Sociology degrees give students a broad array of skills and knowledge, so it’s no surprise that sociology careers span many fields. Sociology graduates can be found in politics, healthcare, teaching, social services and management roles. This is a great degree for students who value flexibility and want to learn skills that can be used in many different careers.
See our ranking of the 30 Best Bachelor’s in Sociology Online Degrees.
Political and Government Roles
Many sociology majors are passionate about policy changes. They learn from their studies how poorly conceived government policies can increase class, gender and ethnicity/race disparities, and they want to change the system. Because sociology degrees teach writing, research and analytical skills, a career in politics or government is a natural fit for this degree. Some example job titles are policy analyst, political campaign manager and non-profit lobbyist. It’s possible to succeed with only a bachelor’s degree in sociology, but a master’s degree in a specific topic or a juris doctorate degree will open additional doors.
Helping roles offer a stable career path in sociology. The world will always need social workers, counselors and case managers. Although sociology graduates compete with psychology and social work students for these roles, there are plenty of job openings in the human services field. Many sociology students are drawn to the field through empathy for others; a human services career lets graduates live out that empathy on a daily basis. A typical career path involves working an entry-level role for several years then considering a master’s degree in social work (MSW) or psychology. Some employers offer tuition assistance for relevant graduate degrees.
Research is the backbone of the sociology field. Some students are content to take a class or two in research methodologies then move on to a more applied position. For others, the call of academia is too loud to ignore. As a sociology researcher, students generate new knowledge about the human condition. They use quantitative methods like surveys and economic data as well as qualitative methods like interviews and focus groups. According to the U. S. Bureau of Labor Statistics, a master’s degree in sociology is required to enter this field, while a Ph.D. is needed for advancement. Sociology researchers work at universities, where they combine teaching and research, or at private non-profits, foundation, and think tanks. A few work in government roles.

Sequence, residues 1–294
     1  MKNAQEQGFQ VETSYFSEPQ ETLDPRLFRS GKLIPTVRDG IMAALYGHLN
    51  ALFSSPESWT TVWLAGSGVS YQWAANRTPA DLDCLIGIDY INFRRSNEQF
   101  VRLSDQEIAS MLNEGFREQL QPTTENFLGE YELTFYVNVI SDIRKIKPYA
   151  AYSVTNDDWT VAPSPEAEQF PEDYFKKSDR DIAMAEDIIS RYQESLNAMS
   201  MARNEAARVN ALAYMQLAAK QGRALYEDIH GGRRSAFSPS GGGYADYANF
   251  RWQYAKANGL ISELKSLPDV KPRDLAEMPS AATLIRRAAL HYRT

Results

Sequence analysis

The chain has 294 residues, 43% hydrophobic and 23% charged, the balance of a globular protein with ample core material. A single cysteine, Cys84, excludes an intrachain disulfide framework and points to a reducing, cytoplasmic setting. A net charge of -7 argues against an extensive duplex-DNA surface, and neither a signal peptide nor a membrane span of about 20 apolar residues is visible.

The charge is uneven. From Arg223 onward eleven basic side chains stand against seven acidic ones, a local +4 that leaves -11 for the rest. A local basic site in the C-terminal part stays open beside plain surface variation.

Private Sector Jobs
Some sociology graduates turn to the private sector to maximize their income potential. Right after graduation, liberal arts majors earn less than their STEM counterparts. By mid-career, however, sociology majors can close the gap, according to the Chronicle of Higher Education. Sociology majors in the business world enjoy flexibility in their career choices. Because the degree teaches general skills like written communication and cultural competency, graduates can fit into many different job roles. Mid-career sociology graduates can seek out the highest-paying jobs in their area and boost their paychecks. Common corporate jobs for sociology majors include advertising, management, and sales. Each of these positions is enhanced by a strong understanding of how humans operate — something that every sociology major learns.
A degree in sociology rarely leads straight to a specific job. Instead, sociology careers meander, letting graduates find the perfect job at their own pace.